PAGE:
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Neighborhood activist criticized plan for I-35 and 51st Street interchange

Wednesday, September 15, 2010 by Michael Kanin

Some neighborhood opposition has emerged to the proposed road improvements at the intersection of I-35 and 51st Street. In an open letter that was published in the Windsor Park newsletter, longtime transportation activist Margaret Dahl voiced her objections to the project, which would be funded through the November 2010 bond election.


Both the head of the Windsor Park Transportation Committee and officials from Austin‘s Department of Transportation maintain that, if completed, the work will alleviate congestion problems along 51st Street. Dahl would rather use the $2.3 million dollars for sidewalks in the Windsor Park area.


Currently, plans for the intersection call for the reopening of an existing but shuttered ramp that will direct traffic southbound on to I-35. Officials will leave the turn lane that exists now at a light that leads cars to the southbound frontage road.


Northbound changes will feature a direct link from the I-35 northbound frontage road to Cameron Road. The so-called “jughandle” that currently leads traffic to 51st Street via the Mueller Development will not be closed.


Officials have indicated that they will take bicycle access to 51st Street on Cameron Road into account with their designs. Neighborhood bicyclists now use another blocked off ramp to make that turn.


In her letter, Dahl questioned whether, “in the scope of things…this ramp (is) really that urgent. I would hope that the neighborhood would oppose this plan and the $2.3 million expenditure,” she wrote.


There, she also cited her transportation experience. “I was concerned with and very active with transportation issues in the ’70s,” she added. Among other roles, she noted that she came up with the idea for the city’s Urban Transportation Commission.


Dahl told In Fact Daily that the potential convenience of the new configuration wasn’t worth the broader cost. “This culture has begun to confuse convenience with quality of life,” she said. “If we are visionary people and want to do something about the future we seriously need to think about what we can give up.”


As for the sidewalk problem, she cited a talk given by a visiting transportation expert: “A good neighborhood is where a kid can walk by himself and buy a Popsicle, and you can’t do that in this neighborhood.”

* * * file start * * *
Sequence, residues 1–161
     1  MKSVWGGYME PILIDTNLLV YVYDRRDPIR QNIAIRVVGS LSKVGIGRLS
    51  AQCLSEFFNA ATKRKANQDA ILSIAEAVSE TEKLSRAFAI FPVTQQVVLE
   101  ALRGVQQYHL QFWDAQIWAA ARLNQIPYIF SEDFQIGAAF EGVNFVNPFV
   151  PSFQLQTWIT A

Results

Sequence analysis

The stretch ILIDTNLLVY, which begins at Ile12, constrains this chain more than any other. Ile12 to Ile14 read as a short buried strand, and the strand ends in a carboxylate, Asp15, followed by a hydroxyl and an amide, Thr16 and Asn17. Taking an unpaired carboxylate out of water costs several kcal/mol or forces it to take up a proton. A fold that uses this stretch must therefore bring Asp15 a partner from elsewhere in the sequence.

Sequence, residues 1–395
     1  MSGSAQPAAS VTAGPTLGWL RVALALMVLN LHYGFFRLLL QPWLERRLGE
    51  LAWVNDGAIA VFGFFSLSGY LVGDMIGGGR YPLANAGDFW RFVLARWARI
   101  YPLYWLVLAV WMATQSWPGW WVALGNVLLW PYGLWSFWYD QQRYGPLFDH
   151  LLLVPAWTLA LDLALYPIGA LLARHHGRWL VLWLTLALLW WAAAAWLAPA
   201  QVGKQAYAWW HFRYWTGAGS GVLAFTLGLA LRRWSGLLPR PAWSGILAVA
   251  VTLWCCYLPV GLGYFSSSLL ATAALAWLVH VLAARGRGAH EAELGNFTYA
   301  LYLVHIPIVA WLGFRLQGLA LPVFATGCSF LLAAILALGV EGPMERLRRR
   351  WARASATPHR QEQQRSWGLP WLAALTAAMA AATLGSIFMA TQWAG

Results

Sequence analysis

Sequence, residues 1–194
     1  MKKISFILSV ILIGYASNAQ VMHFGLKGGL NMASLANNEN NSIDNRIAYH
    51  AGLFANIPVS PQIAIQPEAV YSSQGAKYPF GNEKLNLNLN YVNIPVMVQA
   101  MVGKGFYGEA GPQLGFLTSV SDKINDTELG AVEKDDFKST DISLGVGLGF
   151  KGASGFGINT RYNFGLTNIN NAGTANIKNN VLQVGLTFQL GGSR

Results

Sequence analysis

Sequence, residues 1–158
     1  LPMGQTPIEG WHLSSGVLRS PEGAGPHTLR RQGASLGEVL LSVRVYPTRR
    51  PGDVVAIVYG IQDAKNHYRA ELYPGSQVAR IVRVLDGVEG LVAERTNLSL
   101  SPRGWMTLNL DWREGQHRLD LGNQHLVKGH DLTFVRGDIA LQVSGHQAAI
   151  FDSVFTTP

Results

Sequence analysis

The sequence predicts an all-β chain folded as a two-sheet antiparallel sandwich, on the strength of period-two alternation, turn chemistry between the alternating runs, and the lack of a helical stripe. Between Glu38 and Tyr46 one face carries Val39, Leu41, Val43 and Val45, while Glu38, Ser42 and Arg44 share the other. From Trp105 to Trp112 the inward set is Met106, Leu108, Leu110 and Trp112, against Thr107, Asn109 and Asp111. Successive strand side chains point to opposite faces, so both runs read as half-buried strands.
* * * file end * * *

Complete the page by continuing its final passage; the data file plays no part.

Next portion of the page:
Dahl said she wasn’t aware of the public input process that the city’s Transportation Department had used to vet 2010 bond projects. “Talk about a gap,” she said, using the department’s term for various transportation shortcomings, “(We have) a gap in terms of the public discourse.”


Stafford Gunning, who chairs the Windsor Park Transportation Committee, said that Dahl hadn’t offered a concrete suggestion in her letter. “I think she has some good points and some real big issues with I-35 but there wasn’t necessarily a solution there,” he said. “What TxDOT and the city are working on here is a fix to a difficult intersection.”


“There’s an opportunity there to reduce congestion and reduce delay for the folks traveling through that intersection,” said Gordon Derr, the city’s assistant director of Transportation Planning. “That is why it was picked as a project to move forward with.”


Gunning said that the neighborhood was told that the jughandle would be a temporary solution, pending a broader overhaul of I-35. TxDOT has been working with the neighborhood for some time to improve the situation.


That fact may have helped the effort to be included in the 2010 bond package. When it was first unveiled, the draft list of would-be projects did not include the I-35 and 51st Street intersection. Indeed, the potential work ranked 203 on a scored list of 442 potential candidates for the 2010 election. None of the other projects that made that final list ranked lower than 45.


That TxDOT offered to chip in for engineering and other services and the project was what Austin‘s Transportation Department termed viable contributed to it making the cut.


“I think TxDOT and the city and how they’ve responded to the issues we’ve brought up has been a positive,” says Gunning. “The neighborhood is excited about it.”

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